West on brink of vaccine ‘world war’ as Putin ‘weaponizes’ Sputnik V jab to ‘attack’ the EU, warns Macron

THE West faces a “new world war” as Russia and China weaponise their Covid vaccines to exploit shortages in Europe, Emmanuel Macron has warned.

The French president’s warning of “attacks” from Moscow and Beijing come amid an escalating vaccine war between the EU and Britain.

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French president Emmanuel Macron warned of a ‘new world war’ over vaccines[/caption]
He claimed Russia’s Vladimir Putin is waging war with his vaccine exports[/caption]

In a sign of deepening divisions following the EU’s supply chaos, France and Germany are both considering turning to Russia’s Sputnik V jab.

But Mr Macron warned President Putin was using his vaccine to wage war on the West in an angry outburst after last night’s virtual summit of EU leaders.

He said: “We are looking at a new type of world war.

“We are looking in particular at Russian and Chinese attacks and attempts to gain influence through the vaccine.”

He said aggressive policies from those regimes meant the EU had to strengthen its own vaccine capabilities.

He said: “We need sovereignty in this matter. We must be able to manufacture vaccines.

“The virus will continue to be here, circulating, mutating, and we need options to deal with it.”

France and Germany are considering using Russia’s Sputnik V jab[/caption]
Kremlin spokesman Dmitry Peskov denied using the vaccine for war[/caption]

Mr Macron’s foreign minister Jean-Yves Le Drian also accused Russia and China of using their home-grown vaccines to gain influence abroad.

It was angrily denied by the Kremlin today.

Mr Putin’s spokesman Dmitry Peskov said: “We completely disagree that Russia and China are engaged in some war and abuse the coronavirus pandemic and vaccines as a certain leverage.

“Russia has never had, does not have and will never have any intentions to politicise the vaccine issue and abuse vaccines as an influence tool.

“Russia is a responsible member of the international community which is best showcased in such tough days and years as the pandemic that humanity is now going through.”

Hungary and Slovakia have already started using Sputnik V, bypassing EU bureaucracy to secure their own jab supplies.

Today the German government said that it would be open to using Sputnik V once it had approval from the European Medicines Agency regulator.

And earlier this week, France’s Europe secretary Clément Beaune said his country could start using it as early as June.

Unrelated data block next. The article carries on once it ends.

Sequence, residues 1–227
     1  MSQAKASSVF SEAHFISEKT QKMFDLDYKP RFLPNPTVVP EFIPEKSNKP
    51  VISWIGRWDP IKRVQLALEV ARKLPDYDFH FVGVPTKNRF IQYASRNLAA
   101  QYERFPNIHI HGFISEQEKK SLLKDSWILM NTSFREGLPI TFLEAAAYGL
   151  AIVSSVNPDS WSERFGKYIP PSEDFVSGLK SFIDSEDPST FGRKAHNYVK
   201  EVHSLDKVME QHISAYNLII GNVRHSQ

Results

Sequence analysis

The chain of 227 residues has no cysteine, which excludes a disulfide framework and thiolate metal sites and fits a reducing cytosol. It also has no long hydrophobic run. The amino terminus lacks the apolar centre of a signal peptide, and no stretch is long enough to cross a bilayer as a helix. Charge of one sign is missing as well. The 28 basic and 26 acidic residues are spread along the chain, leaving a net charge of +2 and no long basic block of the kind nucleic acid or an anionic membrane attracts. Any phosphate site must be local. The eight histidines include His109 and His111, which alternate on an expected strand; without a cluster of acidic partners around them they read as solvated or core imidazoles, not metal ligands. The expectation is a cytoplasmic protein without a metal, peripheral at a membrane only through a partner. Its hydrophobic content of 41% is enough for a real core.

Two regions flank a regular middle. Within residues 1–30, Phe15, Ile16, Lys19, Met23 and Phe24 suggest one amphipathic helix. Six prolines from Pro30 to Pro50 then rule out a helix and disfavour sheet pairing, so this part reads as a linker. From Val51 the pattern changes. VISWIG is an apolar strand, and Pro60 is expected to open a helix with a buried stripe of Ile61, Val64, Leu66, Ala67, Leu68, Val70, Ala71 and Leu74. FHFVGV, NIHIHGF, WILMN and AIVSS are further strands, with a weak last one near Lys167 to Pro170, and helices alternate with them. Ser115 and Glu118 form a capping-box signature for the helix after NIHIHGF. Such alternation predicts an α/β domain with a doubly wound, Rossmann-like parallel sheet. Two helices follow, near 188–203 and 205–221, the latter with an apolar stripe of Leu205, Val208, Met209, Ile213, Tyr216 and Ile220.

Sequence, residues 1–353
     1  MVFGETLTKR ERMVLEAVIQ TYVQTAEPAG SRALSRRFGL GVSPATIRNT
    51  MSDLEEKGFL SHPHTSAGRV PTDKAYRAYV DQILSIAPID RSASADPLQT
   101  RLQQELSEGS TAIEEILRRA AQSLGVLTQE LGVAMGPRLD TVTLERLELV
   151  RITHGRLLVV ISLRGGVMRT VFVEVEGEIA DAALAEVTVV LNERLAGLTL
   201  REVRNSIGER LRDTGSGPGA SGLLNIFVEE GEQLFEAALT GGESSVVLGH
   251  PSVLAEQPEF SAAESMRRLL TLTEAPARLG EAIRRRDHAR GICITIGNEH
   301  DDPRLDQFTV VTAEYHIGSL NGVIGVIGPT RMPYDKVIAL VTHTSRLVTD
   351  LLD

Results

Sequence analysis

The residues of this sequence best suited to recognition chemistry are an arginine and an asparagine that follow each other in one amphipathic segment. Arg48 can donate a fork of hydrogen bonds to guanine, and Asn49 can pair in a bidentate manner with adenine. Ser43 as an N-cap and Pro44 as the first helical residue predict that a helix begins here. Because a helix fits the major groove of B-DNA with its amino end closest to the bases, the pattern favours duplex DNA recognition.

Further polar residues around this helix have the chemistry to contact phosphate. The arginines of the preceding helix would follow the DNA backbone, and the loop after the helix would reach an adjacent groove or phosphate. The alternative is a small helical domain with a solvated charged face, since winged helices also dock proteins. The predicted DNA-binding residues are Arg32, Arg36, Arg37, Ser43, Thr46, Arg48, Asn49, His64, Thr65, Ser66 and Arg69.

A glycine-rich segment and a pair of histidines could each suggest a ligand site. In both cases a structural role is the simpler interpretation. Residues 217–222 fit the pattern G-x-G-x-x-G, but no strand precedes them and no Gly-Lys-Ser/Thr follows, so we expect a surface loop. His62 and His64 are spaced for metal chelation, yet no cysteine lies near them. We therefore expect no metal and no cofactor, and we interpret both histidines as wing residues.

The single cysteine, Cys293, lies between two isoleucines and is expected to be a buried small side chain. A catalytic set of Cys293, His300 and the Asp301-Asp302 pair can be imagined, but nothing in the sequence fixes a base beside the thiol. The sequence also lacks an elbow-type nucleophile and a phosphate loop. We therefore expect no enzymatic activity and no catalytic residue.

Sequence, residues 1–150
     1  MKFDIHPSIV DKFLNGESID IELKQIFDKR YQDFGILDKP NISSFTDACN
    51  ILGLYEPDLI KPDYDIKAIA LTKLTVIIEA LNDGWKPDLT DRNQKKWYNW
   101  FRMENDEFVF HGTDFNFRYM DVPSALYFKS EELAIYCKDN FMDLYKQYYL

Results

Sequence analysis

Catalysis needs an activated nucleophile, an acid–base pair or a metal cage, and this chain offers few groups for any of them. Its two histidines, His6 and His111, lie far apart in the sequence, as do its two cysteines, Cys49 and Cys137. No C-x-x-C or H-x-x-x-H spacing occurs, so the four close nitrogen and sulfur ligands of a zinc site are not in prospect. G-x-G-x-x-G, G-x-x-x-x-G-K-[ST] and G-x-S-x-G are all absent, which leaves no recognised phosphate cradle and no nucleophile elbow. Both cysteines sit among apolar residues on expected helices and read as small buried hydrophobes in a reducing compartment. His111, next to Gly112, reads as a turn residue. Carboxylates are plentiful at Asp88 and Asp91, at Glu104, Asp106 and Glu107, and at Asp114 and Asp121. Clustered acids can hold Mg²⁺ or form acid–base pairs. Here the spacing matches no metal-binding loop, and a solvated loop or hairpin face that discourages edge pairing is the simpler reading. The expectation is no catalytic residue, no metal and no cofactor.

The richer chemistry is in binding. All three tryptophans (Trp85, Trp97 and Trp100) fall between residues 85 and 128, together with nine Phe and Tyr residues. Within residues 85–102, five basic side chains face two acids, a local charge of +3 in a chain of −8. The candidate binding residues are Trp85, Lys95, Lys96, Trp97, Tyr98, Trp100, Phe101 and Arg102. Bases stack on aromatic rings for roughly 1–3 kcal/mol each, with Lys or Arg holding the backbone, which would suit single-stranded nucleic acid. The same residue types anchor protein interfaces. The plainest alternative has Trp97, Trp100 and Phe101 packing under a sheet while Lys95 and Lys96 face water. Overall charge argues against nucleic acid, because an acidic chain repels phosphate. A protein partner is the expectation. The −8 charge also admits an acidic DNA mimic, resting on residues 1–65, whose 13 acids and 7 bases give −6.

Mr Beaune said: “There is no need to politicise this issue. If the vaccine is useful, if it is available, then you should use it.”


The EMA warned it could take until at least May before it makes a decision on whether to approve Sputnik.

It has already been registered in 55 countries, and Russia has been keen to export it even though only a tiny fraction of Russians have had it so far.

Beijing also has plans to export 400million doses of four Chinese-made vaccines around the world.

Brazil and Mexico – which are being ravaged by a deadly third wave – are among dozens of nations that have imported Chinese jabs.

Millions in Pakistan, Indonesia and the Philippines will also get Chinese jabs.

Russia and China have been accused of vaccine diplomacy – using the vaccines as leverage to win allies in future disputes with the West.

In turn, Moscow and Beijing have accused the West of hoarding vaccines while poorer nations suffer.

Figures today showed global vaccinations have passed the 500million mark.

More than a quarter, some 133million doses, were administered in the USA.

Earlier today, French foreign minister Jean-Yves Le Drian stoked tensions by accusing Britain of “blackmail”.

He claimed the UK will run into “problems” giving patients a second dose and will rely on exports from the Continent.

His salvo came after the EU backed down from a a barmy ban on exports from AstraZeneca’s factory in the Netherlands.

Despite being snubbed by EU leaders, Commission chief Ursula von der Leyen warned she could STILL block deliveries to Britain.

She was slapped down by German Chancellor Angela Merkel who said the EU and Britain should work together for a “win-win” solution.

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